Boyneside Radio from Co. Louth was one of the largest and most successful regional stations in Ireland during the 1980s. It broadcast for 10 years from 1978 to 1988 from Drogheda. During that decade Boyneside developed a series of additional transmitters and opt-out services in Navan, Kells, north Dublin and along the border aiming into Northern Ireland. Here’s a selection of airchecks and promos from 1986-1988, including one seeking a new transmission site in Kells.
You can hear a panel discussion on the Louth pirates here and a separate interview with local veteran broadcaster Eddie Caffrey here. We also have a recording of how Boyneside covered the controversy about Radio Tara (to become Atlantic 252) in Co. meath.
On October 20th 2018 over 100 radio anoraks gathered in the Ballsbridge Hotel Dublin. The purpose was to meet and record oral history of the pirate radio era.
In this interview, Walter Hegarty talks to Gerry O’Reilly, a transmitter man from the border regions. Gerry worked on transmitters for the following stations: Kandy Radio, Galway District Radio (GDR), Hometown Radio, Big M, Erneside, NWCR, CCR, Breffni Radio, Midwest Radio. East Coast Radio (Louth), Melvin Radio, Radio North, Riverside Radio, Boyneside Radio, DCR Letterkenny, Radio West, Rainbow Radio, Star Radio, North Star, KISS FM, KITS, North Atlantic Radio and many more.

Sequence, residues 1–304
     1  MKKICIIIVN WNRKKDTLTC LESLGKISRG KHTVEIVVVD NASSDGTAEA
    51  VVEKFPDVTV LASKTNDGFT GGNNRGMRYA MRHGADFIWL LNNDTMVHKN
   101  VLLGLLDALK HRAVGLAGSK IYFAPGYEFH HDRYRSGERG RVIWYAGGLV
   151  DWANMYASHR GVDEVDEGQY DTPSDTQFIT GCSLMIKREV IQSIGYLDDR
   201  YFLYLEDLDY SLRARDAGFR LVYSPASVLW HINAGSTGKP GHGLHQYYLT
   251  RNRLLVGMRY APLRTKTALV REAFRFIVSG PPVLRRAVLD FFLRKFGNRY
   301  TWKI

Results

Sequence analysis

This recording is of the main 6.00 evening news from Drogheda-based Boyneside Radio on 30 August 1988 and includes an interview with a representative of local residents in Clonlyon in Co. Meath protesting against the erection of a high longwave mast for Radio Tara in nearby Clarkestown. RTÉ’s proposed joint venture with Radio Luxembourg, Radio Tara went on the air as Atlantic 252 in September 1989. It was aimed at the large and lucrative British market at a time when the UK had no national commercial radio station. Atlantic 252 was very successful in the first half of the 1990s but closed in 2002.